I have bought the domain dcurbanexploration.com and will be putting all of my abandoned photography on that site from this point forward. (So you will no longer be seeing posts about my shoots at abandoned places here.) You will be able to access the new website from my celestejheery.com home page once the site is up and running.
On April 15, 2016, we went to Lansdowne, PA, to shoot the abandoned Lansdowne Theater. The Lansdowne Theater opened on June 1, 1927. While the theater was primarily a movie house, it did host live performances on its stage. Many people remember the famous Lansdowne Theater organ which originally accompanied silent movies and then was played nightly before shows and during special events. The organ was removed from the theater in the late 1970s. On July 3, 1987, during a showing of Beverly Hill Cops II, an electrical fire broke out in the basement of one of the building’s retail stores. The 100 patrons were safely evacuated from the theater, but significant damage had been done to the electrical system that serviced the auditorium. Raff and his partners continued to make repairs, but the project was never able to regain a financial footing.
In April, I got a chance to go to the infamous “Trolley Graveyard”. It’s exact location is a secret, but I can tell you that it is near Johnstown, PA. Most people get access through renowned abandoned photographer Matthew Christopher, but one of the people in my DC Urban Exploration Meetup had a connection. There are lots of abandoned subway cars, about a mile into the woods. Here are some of my favorite shots from the day:
Some shots in the town nearby:
We didn’t know what we were going to shoot when we signed up for the workshop to be held October 17, 2015. We were just told that the location was near Harrisburg, PA and that it was worth our while. It turned out to be an abandoned school. Since we had just shot an abandoned school this summer, we were a bit disappointed. The other location was more interesting. I did, however, get a few good shots:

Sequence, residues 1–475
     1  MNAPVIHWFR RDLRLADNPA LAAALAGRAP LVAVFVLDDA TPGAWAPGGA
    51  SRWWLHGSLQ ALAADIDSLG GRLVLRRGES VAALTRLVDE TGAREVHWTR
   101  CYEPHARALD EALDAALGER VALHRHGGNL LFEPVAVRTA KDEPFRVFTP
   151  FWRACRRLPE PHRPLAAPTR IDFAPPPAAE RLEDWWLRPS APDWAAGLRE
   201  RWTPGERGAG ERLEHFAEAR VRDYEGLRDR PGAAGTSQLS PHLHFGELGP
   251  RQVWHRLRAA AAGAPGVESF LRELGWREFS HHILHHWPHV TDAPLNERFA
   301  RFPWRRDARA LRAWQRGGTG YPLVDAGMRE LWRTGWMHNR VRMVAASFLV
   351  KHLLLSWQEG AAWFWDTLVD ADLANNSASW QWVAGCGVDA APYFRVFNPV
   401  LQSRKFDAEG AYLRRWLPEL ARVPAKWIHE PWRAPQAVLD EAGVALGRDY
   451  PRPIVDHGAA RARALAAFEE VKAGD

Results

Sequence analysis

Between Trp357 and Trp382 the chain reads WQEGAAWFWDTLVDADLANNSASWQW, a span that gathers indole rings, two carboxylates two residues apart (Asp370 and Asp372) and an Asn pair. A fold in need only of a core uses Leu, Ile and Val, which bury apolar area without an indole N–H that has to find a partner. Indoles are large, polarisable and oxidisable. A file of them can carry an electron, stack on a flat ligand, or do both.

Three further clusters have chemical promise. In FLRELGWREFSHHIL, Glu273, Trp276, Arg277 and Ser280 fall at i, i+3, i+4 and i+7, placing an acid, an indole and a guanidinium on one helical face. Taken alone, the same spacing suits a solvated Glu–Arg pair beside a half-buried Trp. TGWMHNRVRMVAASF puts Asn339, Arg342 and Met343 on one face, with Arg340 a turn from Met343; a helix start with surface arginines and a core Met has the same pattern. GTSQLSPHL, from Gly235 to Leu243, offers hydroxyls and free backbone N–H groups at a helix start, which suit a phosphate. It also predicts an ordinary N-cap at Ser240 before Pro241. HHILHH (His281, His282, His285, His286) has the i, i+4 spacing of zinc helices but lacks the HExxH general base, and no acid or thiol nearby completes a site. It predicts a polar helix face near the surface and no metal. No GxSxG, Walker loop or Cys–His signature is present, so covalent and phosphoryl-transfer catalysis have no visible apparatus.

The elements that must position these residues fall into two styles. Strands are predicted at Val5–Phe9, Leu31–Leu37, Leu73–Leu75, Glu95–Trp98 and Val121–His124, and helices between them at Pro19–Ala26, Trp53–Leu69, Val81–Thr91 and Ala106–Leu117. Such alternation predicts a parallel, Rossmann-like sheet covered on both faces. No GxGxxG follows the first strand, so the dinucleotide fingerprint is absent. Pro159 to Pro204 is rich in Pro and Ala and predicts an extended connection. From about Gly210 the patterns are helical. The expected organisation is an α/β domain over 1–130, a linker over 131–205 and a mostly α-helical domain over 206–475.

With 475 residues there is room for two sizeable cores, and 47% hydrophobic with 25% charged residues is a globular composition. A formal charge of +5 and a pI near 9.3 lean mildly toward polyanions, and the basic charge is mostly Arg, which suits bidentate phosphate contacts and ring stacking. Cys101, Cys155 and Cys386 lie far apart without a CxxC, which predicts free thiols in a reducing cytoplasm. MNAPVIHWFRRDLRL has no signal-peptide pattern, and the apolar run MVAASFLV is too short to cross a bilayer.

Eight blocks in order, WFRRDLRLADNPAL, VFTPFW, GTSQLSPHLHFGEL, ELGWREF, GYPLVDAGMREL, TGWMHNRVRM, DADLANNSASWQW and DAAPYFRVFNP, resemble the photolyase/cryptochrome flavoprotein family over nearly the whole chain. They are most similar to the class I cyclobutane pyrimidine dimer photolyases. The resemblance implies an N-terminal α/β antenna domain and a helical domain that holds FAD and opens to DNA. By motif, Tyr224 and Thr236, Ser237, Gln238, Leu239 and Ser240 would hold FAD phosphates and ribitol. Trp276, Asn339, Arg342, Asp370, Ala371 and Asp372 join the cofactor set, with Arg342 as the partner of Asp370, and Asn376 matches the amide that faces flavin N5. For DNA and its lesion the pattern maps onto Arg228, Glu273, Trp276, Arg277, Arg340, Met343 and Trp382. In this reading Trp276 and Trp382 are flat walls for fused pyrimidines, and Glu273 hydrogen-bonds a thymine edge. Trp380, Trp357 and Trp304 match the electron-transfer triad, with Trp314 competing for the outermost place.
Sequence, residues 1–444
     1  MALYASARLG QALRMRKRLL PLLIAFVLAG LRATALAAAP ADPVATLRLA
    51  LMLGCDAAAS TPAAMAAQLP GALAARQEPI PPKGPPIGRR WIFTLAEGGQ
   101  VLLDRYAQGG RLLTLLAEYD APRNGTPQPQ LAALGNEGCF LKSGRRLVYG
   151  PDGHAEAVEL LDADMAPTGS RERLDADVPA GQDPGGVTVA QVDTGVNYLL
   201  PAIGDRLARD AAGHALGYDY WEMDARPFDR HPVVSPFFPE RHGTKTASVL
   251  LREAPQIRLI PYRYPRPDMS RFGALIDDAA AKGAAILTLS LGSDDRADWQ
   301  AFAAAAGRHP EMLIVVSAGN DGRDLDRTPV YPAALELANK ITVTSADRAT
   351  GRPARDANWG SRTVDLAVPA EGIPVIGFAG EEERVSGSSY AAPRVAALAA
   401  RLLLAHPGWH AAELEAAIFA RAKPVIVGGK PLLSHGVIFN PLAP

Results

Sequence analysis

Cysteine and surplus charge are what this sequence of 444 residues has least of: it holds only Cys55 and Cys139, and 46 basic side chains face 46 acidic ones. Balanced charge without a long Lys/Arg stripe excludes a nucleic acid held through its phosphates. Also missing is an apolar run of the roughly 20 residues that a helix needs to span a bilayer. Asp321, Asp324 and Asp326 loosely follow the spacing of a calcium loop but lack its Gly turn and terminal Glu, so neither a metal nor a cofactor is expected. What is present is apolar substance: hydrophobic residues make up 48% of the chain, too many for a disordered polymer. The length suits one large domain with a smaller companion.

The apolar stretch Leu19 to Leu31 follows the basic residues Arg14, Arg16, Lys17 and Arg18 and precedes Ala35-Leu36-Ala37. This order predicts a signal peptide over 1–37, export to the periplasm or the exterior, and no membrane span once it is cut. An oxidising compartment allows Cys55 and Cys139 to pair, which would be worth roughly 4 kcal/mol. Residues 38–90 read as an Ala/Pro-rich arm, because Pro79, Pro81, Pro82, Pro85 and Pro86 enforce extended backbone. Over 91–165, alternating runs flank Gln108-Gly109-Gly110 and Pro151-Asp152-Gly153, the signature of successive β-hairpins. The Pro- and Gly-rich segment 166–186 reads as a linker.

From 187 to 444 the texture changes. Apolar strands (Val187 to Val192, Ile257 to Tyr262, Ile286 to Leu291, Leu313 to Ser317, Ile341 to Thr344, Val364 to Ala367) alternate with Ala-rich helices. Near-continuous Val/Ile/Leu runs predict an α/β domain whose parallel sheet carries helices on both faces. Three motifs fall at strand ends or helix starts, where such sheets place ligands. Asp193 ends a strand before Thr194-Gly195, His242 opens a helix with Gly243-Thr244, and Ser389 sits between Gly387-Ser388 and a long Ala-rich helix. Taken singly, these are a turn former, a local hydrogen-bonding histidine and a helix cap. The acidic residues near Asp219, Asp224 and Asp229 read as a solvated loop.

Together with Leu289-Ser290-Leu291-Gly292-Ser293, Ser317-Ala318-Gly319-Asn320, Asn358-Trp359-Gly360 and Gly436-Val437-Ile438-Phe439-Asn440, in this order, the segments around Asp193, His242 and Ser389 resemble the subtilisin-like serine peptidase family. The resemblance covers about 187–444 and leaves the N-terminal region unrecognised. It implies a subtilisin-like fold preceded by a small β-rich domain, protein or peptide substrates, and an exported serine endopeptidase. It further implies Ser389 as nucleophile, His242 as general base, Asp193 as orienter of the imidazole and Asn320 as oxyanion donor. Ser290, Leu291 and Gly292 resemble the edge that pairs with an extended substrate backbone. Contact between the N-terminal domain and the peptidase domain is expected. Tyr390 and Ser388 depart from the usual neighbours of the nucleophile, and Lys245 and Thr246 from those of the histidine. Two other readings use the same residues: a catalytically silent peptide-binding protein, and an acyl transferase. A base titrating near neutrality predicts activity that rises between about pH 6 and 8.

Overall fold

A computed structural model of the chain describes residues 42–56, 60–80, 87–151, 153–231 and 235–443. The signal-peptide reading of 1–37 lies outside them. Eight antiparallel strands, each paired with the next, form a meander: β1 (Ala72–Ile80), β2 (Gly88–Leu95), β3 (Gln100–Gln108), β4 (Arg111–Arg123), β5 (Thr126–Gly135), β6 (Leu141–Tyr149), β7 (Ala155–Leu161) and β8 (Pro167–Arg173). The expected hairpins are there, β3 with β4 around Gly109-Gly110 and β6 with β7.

Today we are going to PA to photograph an abandoned “mystery”/secret location. We won’t know what/exactly where it is until we get there. We saw one photo and know it’s a large location. The event is being held by a well-known abandoned photographer. He gets access to locations others don’t. I have his book and he is going to sign it for me.
I will post some photos in the next week.
On April 25, 2015, I got special access to an old abandoned blacksmith shop in Johnstown, PA. The earliest surviving building of the Cambria Iron Works, the Blacksmith Shop was erected circa 1864. The Blacksmith Shop produced a wide range of metal products throughout the 19th and 20th centuries. With the decline of the steel industry and the closing of Bethlehem Steel Corporation in 1992, the Blacksmith Shop has since been vacant.
Here are some of my favorite shots from the day:
This past Sunday, we ventured to the abandoned Rosewood Asylum in Owings Mills, MD. The Rosewood Asylum was an institution established in 1888 for people with developmental disabilities. At that time it was known as the Asylum and Training School for the Feeble-Minded. The state closed its doors in 2009 after a mountain of angry complaints involving understaffing, patient abuse, and neglect.
Like many overwhelmed psychiatric facilities built around the turn of the last century, Rosewood had been dogged by shameful accusations for a long time. Throughout its history, the institution continually suffered from over-crowding and a shortage of staff, often resulting in unsatisfactory patient conditions. Between the 1950s and 1970s, there were numerous reports of malpractice, neglect, and abuse. In 1981, the U.S. Justice Department declared that residents at Rosewood “failed to receive minimally adequate care.”
The most scandalous accusation — the one that sets Rosewood apart from other asylums—was made by Leo Kanner on May 13, 1937. Before a hushed gathering at the annual meeting of the American Psychiatric Association in Pittsburgh, Kanner shared the shocking tale of “the Rosewood girls.” For more than 20 years, some of Baltimore’s wealthiest and most established families had been helping themselves to the institutionalized patients at Rosewood. They’d been “adopting” these mentally challenged girls and women only to turn them into their own private slaves under the guise of habeas corpus writs.
The main building was burned down in 2006, a victim of arson. In March 2009, one of Rosewood’s vacant buildings was destroyed by fire. The State of Maryland Department of Health and Mental Hygiene closed Rosewood on June 30, 2009.
Here are some of my favorite shots:
September 8th we went to the abandoned Selma Plantation in Leesburg, VA. It was about an hour’s drive from home. At first we couldn’t get into the property because the road was blocked. But Jennie was smart and knew there was more than one access point, so we tried another route and were able to get to the property (but were trespassing, so we didn’t stay long). When we first saw the house, it was ominous-looking – there was an air of foreboding. Although we could have gone into the house (but getting in would have been a bit difficult), we decided to just shoot the exterior because the way getting in was unsafe.